In Michigan, we are seeing a troubling phenomenon that we are seeing across the country today: public schools so starved of funding that students are returning to increasingly crowded classes taught by fewer and fewer teachers, with fewer textbooks and less of everything they need. But rather than investing in our public schools, misguided polices in Michigan and across the states are instead pushing struggling schools further into financial crisis, making them vulnerable to the loss of local control through state takeovers or potential moneymaking opportunities for private investors via for-profit charter schools.
As of this week, more than half of the fifty states had already seen their 2013 legislative sessions adjourn. In many of those that are still going, budget debates are front and center as lawmakers race to the finish line. In some states, issues that had previously been pushed to the backburner are back on the front one, in others, major provisions are being inserted into the budget at the midnight hour, and everywhere, final showdowns are shaping up as sessions wind down.
The plain hypocrisy of "small-government" conservatives backing state efforts to preempt local communities from passing their own wage and benefits standards continues to gain attention, even as more local efforts to pass paid sick days and living wage laws advance. But, as reports this week showed, corporate-backed state legislative intrusions into local communities have not been limited to attacking wage and benefits standards -- they have also extended to blocking local environmental regulations and redrawing district lines for local offices:
In recent months, unprecedented strikes by fast-food workers have taken place in both New York City and Chicago. This week, the action spread even further through the heart of the country, as workers in St. Louis and Detroit staged one-day work stoppages to demand higher wages and the right to organize. At the same time that such strikes are spreading, anti-worker legislative attacks that have already spread through many neighboring states in recent years are being met with strong opposition throughout the region as well. Workers in Missouri and states across the Midwest continued this week to stand up both in the streets and at statehouses to demand fair wages and respect on the job:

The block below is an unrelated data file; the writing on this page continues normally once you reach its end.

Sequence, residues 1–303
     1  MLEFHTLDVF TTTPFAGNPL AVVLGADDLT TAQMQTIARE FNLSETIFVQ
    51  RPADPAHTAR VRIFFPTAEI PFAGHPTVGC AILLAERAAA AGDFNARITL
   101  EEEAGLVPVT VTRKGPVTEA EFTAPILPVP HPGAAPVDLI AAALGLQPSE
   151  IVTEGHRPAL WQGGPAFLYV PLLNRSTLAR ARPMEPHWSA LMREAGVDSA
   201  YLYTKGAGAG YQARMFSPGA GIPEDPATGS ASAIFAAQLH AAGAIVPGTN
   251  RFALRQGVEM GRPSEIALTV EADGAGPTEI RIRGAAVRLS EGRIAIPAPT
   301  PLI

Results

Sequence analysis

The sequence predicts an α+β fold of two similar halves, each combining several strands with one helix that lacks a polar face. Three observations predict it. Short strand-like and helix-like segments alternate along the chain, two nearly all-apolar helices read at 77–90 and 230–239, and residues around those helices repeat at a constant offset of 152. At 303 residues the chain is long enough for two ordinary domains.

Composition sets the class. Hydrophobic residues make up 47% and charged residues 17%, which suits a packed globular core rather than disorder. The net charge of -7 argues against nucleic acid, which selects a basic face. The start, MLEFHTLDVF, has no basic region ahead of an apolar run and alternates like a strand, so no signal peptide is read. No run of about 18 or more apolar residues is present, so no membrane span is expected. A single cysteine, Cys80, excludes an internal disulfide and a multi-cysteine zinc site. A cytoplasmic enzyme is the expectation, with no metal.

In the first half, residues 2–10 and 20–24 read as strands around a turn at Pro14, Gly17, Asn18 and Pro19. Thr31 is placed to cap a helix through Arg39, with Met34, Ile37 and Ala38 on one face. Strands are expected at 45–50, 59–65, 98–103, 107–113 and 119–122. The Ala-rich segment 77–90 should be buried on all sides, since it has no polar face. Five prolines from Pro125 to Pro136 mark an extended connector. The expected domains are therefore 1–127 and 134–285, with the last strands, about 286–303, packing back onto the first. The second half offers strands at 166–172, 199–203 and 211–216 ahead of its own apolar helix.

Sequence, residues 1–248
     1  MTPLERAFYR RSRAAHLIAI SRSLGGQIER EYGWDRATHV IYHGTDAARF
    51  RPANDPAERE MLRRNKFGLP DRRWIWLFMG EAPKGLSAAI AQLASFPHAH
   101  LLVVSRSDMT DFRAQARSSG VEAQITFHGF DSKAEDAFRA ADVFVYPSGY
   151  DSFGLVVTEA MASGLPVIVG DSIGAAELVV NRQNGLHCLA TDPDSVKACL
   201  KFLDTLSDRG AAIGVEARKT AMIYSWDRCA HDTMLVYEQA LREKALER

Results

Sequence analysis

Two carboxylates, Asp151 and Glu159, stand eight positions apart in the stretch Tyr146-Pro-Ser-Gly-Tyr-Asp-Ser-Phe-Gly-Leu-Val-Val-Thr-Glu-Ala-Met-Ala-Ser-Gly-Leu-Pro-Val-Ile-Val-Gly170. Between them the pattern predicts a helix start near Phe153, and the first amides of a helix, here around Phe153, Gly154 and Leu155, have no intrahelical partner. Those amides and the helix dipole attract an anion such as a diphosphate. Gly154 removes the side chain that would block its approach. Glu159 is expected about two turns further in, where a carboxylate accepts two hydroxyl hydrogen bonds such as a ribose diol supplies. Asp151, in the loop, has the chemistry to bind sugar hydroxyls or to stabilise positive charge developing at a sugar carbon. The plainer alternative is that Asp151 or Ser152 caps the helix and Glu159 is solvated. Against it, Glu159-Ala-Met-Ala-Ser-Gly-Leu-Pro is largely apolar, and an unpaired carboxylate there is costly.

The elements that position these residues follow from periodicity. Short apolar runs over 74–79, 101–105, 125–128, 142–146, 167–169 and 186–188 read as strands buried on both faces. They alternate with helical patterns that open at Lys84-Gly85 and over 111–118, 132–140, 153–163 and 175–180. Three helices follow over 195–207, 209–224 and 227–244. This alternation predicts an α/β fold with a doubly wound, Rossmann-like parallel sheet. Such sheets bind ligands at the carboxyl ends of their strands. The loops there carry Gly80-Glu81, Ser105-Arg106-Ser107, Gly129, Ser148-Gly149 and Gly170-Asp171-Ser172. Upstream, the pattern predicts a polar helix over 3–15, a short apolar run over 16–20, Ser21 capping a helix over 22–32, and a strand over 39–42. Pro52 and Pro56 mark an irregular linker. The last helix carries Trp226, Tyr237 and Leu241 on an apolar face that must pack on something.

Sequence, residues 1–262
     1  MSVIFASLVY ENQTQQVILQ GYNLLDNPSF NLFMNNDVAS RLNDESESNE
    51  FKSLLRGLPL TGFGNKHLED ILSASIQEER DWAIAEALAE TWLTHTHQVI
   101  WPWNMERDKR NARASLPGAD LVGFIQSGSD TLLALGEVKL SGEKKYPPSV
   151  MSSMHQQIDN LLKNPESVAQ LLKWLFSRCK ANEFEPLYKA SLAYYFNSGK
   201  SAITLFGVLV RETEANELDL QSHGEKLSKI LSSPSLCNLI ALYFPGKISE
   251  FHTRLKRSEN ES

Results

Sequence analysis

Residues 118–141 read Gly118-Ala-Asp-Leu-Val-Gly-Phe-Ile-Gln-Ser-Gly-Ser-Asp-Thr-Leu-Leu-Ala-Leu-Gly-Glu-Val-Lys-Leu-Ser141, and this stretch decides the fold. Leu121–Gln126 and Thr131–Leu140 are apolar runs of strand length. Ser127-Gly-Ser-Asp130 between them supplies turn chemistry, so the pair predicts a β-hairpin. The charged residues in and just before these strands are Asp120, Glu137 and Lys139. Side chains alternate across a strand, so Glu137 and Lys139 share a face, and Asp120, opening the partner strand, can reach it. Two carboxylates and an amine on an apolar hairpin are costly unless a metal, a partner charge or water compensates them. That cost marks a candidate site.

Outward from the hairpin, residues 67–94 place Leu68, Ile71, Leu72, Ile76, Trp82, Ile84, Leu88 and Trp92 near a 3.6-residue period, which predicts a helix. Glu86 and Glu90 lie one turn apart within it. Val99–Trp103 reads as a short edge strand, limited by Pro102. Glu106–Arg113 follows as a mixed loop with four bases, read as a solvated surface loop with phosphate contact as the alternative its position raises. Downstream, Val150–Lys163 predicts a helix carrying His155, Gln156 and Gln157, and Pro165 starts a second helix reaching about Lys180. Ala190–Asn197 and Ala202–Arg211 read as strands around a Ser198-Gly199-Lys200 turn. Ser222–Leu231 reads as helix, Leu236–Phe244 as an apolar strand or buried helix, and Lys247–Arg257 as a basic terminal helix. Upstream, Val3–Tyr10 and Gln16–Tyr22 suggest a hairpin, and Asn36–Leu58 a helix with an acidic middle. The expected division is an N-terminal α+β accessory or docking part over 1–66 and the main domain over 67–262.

Taxes are on the minds of many this week as April 15th approaches. They're also on the minds of many conservative governors -- in states such as Louisiana, Ohio, Oklahoma, and Nebraska -- who have seen their radical tax proposals to further enrich corporations and the wealthy run into major resistance from voters, businesses, and even conservative lawmakers. Louisiana Governor Bobby Jindal, who this week withdrew his regressive plan that would have eliminated the state income tax while raising the sales tax, has seen his standing drop sharply in the polls. In the run up to Tax Day, increasing attention is being focused on how tax breaks for the wealthy and corporations increase burdens on the middle class.
From Missouri to Pennsylvania to D.C., anti-union "right-to-work" laws are still being proposed and debated. Michigan workers continue to fight their law in the courts weeks before it is set to take effect, while workers in nearby states remain prepared for similar legislation to emerge. Meanwhile, an "anti-right-to-work" bill moved forward in Vermont — legislation that would require all workers who receive benefits thanks to a union to pay their fair share.